"In 38 years I have never seen anything like this," says Kevin Hicks, owner of Hicks Gun Station north of Pinckneyville.
"People are driving an hour and a half for two boxes of ammo. I hope they start calling first before they come."
Hicks, owner of Hicks Trading Station in Pinckneyville, says the phone hasn’t stopped ringing since lawmakers last fall revived dialogue on banning assault weapons in Illinois.
“The supply of ammo has gotten worse,” said Hicks, whose family has collectively owned and operated the gun shop for nearly half a decade. “We can get all of the shotgun shells you want,” he said. “What we have trouble getting is 9mm, .45 ACP, .380, .223 and .308, .44 mag and .38 special ammo. Even the mountains of .22 caliber and .22 long rifle rounds have disappeared.”
Hicks said an ammunition distributor told him last week that the Federal Cartridge Co.—the nation’s leading ammunition manufacturer—currently has enough orders for the next two and a half years of production.
Hicks added that the problem is compounded by the government’s ammunition purchases.
“The government has purchased two billion rounds of ammunition that is contributing to the weak supply,” he said.
“You can’t believe how thin the shelves are.
“Pile the talk about conceal carry onto all this (and people think we are going to get it) and the demand gets bigger. I have never seen so many man/woman and young/old demands for guns.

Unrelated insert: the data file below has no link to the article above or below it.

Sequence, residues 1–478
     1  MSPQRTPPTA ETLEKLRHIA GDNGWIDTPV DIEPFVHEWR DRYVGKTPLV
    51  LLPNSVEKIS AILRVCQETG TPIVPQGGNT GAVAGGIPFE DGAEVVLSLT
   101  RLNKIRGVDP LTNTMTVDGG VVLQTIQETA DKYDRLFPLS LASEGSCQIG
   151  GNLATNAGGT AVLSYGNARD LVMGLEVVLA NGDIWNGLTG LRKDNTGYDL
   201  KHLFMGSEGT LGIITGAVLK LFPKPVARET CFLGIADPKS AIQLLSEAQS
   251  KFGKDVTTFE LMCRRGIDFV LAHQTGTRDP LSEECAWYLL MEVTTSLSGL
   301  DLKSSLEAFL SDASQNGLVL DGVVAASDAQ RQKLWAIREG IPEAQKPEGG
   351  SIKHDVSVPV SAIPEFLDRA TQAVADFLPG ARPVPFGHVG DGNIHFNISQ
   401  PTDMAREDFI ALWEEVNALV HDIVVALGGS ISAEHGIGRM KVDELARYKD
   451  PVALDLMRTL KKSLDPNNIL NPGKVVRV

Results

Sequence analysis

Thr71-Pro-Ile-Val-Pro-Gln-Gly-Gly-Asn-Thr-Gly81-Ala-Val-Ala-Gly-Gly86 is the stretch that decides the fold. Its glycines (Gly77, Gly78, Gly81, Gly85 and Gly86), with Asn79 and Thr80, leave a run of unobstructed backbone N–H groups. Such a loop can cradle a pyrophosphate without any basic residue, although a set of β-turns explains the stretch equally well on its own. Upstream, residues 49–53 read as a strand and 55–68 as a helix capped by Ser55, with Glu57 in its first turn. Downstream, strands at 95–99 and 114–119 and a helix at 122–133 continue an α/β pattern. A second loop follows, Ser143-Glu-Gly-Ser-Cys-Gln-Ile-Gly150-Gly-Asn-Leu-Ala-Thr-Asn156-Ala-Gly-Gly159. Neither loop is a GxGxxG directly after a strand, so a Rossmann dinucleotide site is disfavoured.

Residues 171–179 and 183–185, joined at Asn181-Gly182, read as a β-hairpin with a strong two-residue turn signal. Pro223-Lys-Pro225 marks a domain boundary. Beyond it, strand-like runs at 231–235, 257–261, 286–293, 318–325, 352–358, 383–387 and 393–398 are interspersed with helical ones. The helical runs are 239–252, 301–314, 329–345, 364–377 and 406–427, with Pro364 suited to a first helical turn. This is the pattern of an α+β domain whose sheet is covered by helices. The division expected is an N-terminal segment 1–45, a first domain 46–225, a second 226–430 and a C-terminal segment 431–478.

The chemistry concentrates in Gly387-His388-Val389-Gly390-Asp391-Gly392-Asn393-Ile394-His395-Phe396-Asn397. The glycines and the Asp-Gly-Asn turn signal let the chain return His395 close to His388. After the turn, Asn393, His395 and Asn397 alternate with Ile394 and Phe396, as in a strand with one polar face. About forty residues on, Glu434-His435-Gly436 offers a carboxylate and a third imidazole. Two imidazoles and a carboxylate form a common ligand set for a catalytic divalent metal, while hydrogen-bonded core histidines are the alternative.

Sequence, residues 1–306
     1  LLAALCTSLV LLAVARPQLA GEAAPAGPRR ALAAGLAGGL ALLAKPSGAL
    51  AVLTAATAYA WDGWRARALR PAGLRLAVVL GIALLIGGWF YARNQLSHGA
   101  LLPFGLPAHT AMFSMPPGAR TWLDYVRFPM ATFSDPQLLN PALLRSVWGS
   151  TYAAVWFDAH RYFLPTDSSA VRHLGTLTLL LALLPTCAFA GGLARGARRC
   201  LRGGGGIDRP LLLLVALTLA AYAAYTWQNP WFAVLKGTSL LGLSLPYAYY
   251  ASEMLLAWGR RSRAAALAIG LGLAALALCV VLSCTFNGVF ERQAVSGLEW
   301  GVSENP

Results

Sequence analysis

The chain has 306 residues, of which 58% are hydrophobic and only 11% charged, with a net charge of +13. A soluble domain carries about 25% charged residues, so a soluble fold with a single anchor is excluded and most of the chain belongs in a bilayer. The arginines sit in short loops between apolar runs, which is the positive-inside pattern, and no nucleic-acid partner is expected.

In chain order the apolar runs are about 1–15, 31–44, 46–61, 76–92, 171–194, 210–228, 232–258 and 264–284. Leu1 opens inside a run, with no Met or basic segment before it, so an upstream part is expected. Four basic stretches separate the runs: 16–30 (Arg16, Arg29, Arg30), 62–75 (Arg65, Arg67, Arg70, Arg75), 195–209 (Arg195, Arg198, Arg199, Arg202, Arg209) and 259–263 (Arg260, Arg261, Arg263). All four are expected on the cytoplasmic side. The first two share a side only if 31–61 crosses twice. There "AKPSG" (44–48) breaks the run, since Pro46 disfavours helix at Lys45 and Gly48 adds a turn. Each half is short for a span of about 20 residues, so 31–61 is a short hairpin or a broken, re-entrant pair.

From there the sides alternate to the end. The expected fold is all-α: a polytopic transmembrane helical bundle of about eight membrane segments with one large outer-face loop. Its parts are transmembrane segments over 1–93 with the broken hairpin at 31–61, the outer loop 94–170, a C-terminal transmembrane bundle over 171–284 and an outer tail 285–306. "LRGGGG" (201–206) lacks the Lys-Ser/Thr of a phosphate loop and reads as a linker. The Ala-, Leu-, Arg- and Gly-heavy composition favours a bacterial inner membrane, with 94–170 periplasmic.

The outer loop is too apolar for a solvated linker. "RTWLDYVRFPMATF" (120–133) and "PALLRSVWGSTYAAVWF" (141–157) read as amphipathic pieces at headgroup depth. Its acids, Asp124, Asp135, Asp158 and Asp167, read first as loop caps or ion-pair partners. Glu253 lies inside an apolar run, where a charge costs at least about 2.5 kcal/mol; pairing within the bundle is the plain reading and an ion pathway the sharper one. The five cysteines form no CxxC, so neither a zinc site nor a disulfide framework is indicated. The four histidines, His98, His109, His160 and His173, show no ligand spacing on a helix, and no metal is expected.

“Somebody comes in and wants a Ruger LC9. I tell them I don’t have one. Then they ask, ‘well, what else do you have?’”
Hicks and the customer go down the line until he can find something the customer can be happy with.
“We saw this happen when Obama got elected in 2008, but it has gotten worse since he was re-elected in 2012 because people know he (Obama) doesn’t have to worry about re-election,” Hicks said.
Hicks said he found one source for several new guns last week and was going to pick them up last Friday.
Most of it has less to do with the Second Amendment or residents being armed to the teeth. Instead, the calls are coming from veterans who used the weapons in Vietnam or Afghanistan or collectors who have an appreciation for the art of gun smithing and want to add a specific gun to their collection.
“The calls I am getting are gun owners from, say, Effingham to Cairo and river-to-river.” Hicks said.
“It’s a false demand.”
A month ago he said he expected the demand to die down.
Page 2 of 2 - “But, it hasn’t,” said Hicks of the 50 to 75 calls a day his shop is getting on the availability of the most popular assault weapons — AR15s and AK47s.
Hicks said assault weapons are less than 10 percent of the store’s business. He said that typically there might be a dozen or more assault weapons in his inventory — but not now. They have been sold or spoken for.
“There is little or NO availability,” he said.
Similarly, it is almost impossible to find ammunition clips for these rifles.
“There is none available,” he said.
The law of supply and demand is driven by the current legislative discussions. Hicks said that typically assault rifles retail for between $750 and $1,200. Because of the large demand and short supply of assault rifles, many are now selling for between $1,000 and $2,000.